The Carter administration, despite its publicized opposition to the political takeover of South Korea by a group of generals, has permitted the head of a U.S. government bank to visit Seoul this week to discuss expanding economic cooperation.

Although officials declared yesterday that no political meaning was intended, there is little doubt that the visit of John L. Moore, chairman of the Export-Import Bank, is being read as a sign that the United States is not prepared to exert strong pressure on the Seoul generals to loosen their grip.

State Deparment officials said the mission by Moore was considered during last weekend's high-level policymaking meetings about Korea. An official said Moore was allowed to proceed to Seoul on Monday because "there was no clear policy against it" and because his trip had been previously scheduled.

Another official, terming the decision "a tough call," said the Moore mission had been reduced in duration and visibility because of concern about the political situation in Seoul. Moore was permitted to go, the source said, after his strong pleas that he had to protect $3.1 billion in Export-Import Bank investment in Korea, the largest of any country.

President J. Bruce Llewellyn of the Overseas Private Investment Corp. (OPIC), another U.S. government credit agency operating abroad, canceled plans for a trip to Seoul this week, according to official sources. The decision to cancel this trip was made at an earlier stage of U.S. policy deliberations.

A number of American-based commercial banks have made clear in recent weeks their reluctance to grant new loans to Korea. The shaky nature of the Korean economy contributed to the reluctance among some U.S. policymakers to do anything that might lead to economic panic. This was among the arguments in support of the Moore mission, sources said.

The high policy councils of the administration previously had foresworn any action in the current political crisis that might seem to weaken U.S. support for Korean security, because of the danger that this might generate pressures or even a military adventure by North Korea.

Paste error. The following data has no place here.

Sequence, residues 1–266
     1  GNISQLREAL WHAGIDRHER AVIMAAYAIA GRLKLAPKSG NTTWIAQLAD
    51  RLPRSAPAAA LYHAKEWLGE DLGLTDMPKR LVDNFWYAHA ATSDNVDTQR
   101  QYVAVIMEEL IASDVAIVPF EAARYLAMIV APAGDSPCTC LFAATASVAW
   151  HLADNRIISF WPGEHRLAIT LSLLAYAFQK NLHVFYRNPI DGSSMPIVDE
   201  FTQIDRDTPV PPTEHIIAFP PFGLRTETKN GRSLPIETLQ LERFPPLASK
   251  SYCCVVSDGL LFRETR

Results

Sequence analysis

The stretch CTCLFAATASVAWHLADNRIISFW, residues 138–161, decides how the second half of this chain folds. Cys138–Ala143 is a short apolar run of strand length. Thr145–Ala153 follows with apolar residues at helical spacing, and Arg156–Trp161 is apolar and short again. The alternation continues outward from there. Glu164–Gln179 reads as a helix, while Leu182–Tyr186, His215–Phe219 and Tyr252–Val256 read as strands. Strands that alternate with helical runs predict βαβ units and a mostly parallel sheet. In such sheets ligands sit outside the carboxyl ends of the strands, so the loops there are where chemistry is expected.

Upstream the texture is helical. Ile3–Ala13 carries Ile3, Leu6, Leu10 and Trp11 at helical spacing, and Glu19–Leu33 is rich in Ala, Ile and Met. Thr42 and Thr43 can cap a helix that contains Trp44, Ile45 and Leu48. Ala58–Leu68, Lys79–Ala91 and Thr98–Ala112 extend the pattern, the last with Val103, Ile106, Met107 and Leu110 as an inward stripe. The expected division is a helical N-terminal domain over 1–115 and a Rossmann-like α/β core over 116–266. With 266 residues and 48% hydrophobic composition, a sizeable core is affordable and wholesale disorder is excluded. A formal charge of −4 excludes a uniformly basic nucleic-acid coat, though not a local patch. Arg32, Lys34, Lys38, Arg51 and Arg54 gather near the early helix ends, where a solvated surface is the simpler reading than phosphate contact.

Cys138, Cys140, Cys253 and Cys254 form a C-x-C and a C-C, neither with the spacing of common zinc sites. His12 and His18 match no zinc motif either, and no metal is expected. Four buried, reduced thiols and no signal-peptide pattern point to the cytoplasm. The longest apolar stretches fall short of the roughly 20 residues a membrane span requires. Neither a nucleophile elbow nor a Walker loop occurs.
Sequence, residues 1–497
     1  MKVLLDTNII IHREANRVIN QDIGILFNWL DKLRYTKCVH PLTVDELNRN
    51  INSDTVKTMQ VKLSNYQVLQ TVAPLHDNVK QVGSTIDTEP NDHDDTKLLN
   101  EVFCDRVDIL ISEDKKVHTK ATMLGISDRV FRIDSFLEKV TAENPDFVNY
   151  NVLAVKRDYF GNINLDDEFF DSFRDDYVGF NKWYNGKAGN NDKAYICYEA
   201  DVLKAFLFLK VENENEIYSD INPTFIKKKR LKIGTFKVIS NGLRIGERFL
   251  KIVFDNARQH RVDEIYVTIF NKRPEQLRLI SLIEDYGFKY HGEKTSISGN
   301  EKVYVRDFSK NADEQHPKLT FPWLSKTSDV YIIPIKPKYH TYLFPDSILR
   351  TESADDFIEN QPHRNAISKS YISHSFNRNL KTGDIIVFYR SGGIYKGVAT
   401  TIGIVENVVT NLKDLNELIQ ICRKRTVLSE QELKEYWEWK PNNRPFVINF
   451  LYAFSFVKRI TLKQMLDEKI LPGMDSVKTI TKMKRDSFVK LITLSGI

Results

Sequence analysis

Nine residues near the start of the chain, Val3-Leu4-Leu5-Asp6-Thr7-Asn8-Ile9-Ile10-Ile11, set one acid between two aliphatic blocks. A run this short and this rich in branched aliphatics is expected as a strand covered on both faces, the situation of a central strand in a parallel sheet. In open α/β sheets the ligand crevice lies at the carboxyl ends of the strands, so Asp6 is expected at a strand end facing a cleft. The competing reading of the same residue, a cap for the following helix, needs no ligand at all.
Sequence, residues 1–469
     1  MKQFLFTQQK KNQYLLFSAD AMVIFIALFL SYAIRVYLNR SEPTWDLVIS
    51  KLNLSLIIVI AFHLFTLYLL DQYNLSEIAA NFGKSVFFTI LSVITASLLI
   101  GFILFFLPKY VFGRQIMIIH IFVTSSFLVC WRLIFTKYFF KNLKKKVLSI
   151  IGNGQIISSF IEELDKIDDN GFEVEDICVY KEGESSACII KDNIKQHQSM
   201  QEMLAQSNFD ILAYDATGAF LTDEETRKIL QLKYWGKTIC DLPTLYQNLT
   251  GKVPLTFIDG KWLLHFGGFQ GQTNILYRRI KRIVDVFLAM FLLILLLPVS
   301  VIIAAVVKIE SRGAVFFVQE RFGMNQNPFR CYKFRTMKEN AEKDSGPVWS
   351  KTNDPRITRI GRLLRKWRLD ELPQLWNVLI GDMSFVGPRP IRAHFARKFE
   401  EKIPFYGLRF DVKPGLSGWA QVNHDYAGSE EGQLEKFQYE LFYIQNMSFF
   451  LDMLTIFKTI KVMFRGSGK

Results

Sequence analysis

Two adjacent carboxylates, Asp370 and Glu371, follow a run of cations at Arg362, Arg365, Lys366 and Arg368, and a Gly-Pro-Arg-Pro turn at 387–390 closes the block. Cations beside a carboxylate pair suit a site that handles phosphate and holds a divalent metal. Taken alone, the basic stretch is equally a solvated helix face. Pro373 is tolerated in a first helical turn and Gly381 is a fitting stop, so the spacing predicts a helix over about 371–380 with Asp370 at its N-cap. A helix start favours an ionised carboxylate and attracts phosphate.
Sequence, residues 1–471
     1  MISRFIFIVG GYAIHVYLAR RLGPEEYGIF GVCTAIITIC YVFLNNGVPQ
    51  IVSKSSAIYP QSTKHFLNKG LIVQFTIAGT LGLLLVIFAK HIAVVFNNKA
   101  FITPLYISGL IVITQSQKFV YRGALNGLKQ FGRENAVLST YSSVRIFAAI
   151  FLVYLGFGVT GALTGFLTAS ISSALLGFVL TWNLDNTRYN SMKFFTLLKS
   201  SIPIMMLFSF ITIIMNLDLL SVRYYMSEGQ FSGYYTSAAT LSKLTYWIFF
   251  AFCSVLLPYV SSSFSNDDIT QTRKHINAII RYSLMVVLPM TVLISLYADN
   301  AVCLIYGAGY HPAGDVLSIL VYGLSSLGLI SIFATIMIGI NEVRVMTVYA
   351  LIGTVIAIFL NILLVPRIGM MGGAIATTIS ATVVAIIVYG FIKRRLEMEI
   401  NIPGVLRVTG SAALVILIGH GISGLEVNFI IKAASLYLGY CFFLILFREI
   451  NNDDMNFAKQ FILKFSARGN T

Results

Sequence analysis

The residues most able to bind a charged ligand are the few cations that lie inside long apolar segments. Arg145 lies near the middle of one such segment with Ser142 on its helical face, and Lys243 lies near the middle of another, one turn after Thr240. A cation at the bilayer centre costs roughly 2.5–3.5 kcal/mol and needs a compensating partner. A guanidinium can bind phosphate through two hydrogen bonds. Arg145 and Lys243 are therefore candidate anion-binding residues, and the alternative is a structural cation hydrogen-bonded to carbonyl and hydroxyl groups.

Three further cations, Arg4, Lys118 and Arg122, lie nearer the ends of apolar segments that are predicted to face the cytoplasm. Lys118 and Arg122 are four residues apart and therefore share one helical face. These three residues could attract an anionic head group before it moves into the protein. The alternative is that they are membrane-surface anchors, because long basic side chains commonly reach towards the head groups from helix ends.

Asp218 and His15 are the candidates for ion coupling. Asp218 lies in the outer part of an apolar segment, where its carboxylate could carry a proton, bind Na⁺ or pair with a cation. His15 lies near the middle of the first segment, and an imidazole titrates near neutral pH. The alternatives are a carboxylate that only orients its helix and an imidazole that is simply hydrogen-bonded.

In a decision apparently related more to operations than policy, the Pentagon announced that the aircraft carrier Coral Sea and three accompanying ships have left the waters near Korea to resume their journey to the U.S west coast. The ships were diverted toward Korea as a gesture of warning to North Korea during the turmoil in the South Korean city of Kwangju.

U.S. leverage on the Seoul generals, with military gestures ruled out, is limited to economic and political actions and signals. And the decision to permit the Moore mission to visit Seoul this Monday through Wednesday is a sign of the difficulties of -- and resistance to -- employing the available economic and political clout.

Reports of the policymaking about the Export-Import mission to Seoul circulated as the State Department announced that Secretary of State Edmund S. Muskie will make his initial official visit to Asia late this month. Muskie will attend the foreign minister's meeting in Kuala Lumpur, Malaysia, sponsored by the five-nation Association of Southeast Asian Nations (ASEAN) June 27-28.

Muskie's decision to attend, despite his stated reluctance to spend much time in travel, was attributed to his desire to show appreciation for ASEAN support of the United States on Iran, Afghanistan and other issues.

Muskie is planning to attend the seven-nation economic summit with President Carter in Venice and a foreign ministers' meeting of NATO countries in Ankara immediately before his trip to Asia.